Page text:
News correspondents are among the most visible personalities in media. Reporters research and report on important news stories, and they can work for TV, radio, and online or print publications. You need a fairly specific combination of education and experience to become a news correspondent. Training and work history can be even more specific for specialists such as war correspondents, foreign correspondents, and political reporters.
Your journey to become a news correspondent can begin as early as middle or high school. Work for the school newspaper, television station, or yearbook committee to gain valuable training in research, writing, communicating and meeting deadlines. Focus on writing classes, liberal arts, and electives such as computer training that can provide a foundation for a future of news reporting.
College provides even more vital training toward a career as a journalist. Most media outlets expect reporters to have a minimum of a bachelor’s degree in journalism, mass communication, or a related field of study. High-profile or specialized jobs may require a graduate degree. Foreign correspondents and war correspondents may be expected to speak multiple languages and have a background that includes international culture, history, and current events.
Internships are a useful and important tool to become a news correspondent. Most news agencies offer internship programs that can prepare you for a career as a reporter. Media internships frequently include hands-on experience, and it is common for an intern to gather information, conduct interviews, and write stories. Working as an intern can provide you with valuable contacts within the media industry and give you a close-up look at how news is produced.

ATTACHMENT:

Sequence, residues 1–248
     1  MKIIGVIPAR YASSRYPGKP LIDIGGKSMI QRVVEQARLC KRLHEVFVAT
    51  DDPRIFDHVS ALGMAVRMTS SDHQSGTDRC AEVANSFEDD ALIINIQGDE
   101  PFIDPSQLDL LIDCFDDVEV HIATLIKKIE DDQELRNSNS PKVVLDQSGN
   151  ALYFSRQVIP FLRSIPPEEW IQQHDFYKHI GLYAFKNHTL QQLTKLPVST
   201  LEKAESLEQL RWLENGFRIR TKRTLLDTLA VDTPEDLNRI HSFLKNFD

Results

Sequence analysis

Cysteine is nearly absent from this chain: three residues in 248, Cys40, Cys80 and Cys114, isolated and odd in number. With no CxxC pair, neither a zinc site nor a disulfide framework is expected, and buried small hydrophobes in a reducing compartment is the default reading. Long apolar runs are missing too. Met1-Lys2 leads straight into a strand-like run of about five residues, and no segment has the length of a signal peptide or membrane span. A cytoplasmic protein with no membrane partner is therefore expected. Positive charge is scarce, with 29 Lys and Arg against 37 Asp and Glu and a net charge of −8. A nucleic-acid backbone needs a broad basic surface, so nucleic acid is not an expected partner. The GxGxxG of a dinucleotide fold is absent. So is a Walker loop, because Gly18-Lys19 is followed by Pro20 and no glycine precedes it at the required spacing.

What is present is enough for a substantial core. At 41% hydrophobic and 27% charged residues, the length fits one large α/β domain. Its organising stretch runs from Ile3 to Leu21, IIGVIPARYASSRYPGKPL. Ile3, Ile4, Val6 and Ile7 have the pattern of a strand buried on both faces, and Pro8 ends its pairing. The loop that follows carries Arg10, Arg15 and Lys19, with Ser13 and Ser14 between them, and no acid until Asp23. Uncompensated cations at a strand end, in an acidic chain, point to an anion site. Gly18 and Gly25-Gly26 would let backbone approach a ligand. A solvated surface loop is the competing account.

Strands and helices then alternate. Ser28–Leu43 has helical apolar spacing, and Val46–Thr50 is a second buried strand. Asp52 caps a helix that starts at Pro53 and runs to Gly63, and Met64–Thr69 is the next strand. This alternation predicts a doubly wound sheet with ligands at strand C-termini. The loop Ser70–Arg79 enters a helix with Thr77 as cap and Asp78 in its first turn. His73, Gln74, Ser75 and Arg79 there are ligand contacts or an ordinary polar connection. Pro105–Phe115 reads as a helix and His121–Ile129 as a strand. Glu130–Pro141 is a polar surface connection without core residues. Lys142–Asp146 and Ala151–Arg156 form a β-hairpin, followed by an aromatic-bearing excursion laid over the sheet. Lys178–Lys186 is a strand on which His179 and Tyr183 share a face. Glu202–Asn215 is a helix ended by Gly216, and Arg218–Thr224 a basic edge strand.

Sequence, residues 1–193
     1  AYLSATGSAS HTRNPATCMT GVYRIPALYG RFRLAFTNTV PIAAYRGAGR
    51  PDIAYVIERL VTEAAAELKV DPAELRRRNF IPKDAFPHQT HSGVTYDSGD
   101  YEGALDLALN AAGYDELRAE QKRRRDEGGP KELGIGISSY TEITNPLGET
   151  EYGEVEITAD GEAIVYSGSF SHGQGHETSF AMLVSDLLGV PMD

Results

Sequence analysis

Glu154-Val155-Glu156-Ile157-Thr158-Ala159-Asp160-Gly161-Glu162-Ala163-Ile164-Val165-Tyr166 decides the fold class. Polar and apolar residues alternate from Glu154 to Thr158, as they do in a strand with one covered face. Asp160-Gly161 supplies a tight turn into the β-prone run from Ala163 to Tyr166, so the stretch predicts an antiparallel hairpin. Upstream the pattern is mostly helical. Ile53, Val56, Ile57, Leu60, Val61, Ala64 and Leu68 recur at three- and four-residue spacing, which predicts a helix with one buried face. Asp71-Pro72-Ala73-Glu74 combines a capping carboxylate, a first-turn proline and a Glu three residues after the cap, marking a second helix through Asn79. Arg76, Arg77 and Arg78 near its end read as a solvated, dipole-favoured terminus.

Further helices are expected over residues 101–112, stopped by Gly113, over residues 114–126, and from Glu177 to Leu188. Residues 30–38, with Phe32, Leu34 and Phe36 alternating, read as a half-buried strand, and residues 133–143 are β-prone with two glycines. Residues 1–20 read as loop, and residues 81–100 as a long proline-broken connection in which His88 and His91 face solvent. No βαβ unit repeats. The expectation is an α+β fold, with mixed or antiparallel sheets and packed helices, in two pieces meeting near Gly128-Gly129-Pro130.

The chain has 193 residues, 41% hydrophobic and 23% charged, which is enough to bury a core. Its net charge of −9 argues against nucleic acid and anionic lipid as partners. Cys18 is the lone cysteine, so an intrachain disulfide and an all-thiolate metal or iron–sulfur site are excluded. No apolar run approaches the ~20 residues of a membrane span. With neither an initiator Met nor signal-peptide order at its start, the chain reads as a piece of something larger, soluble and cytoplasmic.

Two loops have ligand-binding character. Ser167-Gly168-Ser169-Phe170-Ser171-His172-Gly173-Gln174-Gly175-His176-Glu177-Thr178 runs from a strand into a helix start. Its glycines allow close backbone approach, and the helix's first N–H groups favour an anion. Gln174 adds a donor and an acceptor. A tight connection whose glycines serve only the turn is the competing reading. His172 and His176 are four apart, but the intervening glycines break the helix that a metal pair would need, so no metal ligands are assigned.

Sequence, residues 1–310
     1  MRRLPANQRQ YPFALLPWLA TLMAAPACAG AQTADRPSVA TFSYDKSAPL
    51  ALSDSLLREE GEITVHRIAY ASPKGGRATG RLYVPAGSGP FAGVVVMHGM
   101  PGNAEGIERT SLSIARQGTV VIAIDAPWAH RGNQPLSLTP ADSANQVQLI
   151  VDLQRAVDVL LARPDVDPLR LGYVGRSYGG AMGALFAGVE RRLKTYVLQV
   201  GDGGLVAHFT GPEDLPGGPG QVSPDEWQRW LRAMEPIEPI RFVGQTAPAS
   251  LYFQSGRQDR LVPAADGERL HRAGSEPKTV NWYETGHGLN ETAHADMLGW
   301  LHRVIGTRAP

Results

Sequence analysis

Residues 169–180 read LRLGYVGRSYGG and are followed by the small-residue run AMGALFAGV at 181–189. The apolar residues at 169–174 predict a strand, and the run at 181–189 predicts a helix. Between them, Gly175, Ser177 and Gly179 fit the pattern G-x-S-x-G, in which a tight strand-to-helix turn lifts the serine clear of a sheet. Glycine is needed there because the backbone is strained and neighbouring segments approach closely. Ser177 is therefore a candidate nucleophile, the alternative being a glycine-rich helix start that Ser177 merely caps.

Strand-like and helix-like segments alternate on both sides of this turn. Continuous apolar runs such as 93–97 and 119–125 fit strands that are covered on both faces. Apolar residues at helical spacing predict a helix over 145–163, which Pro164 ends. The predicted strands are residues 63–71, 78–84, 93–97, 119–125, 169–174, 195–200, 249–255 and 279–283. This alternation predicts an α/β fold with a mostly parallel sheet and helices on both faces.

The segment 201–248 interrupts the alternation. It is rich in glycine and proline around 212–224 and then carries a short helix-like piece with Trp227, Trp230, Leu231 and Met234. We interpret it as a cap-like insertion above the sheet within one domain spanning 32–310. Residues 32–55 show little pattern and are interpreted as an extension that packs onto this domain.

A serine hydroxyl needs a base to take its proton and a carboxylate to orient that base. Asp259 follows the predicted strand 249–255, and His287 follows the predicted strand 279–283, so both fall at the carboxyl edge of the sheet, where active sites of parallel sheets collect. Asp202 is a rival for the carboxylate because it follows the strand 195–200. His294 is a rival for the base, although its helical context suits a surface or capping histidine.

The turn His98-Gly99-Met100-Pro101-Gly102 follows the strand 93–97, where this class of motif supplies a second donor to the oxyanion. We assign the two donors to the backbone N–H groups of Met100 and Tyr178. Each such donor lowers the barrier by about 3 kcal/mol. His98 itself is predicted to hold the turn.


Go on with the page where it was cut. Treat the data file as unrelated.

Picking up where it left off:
Personality traits required to become a news correspondent include an outgoing nature and an innate sense of curiosity. Reporters sometimes have to work diligently to uncover the truth of a news story, so persistence is important. You should enjoy talking with or interviewing others and have a natural desire to investigate and gather information. TV news reporters regularly appear on live television reporting major events, so you should be comfortable in front of an audience and speaking with authorities.
Working as a news correspondent requires extreme flexibility because reporters follow a breaking story no matter where it goes and when it occurs. Regular hours are not part of a reporter’s job, and he can often be called out in the middle of the night to gather news or report on newsworthy events. Journalists may also be asked to travel as part of the newsgathering or reporting process and could be away for long stretches of time. If you are looking for a predictable job with regular hours and conventional duties, then you probably do not want to become a news correspondent.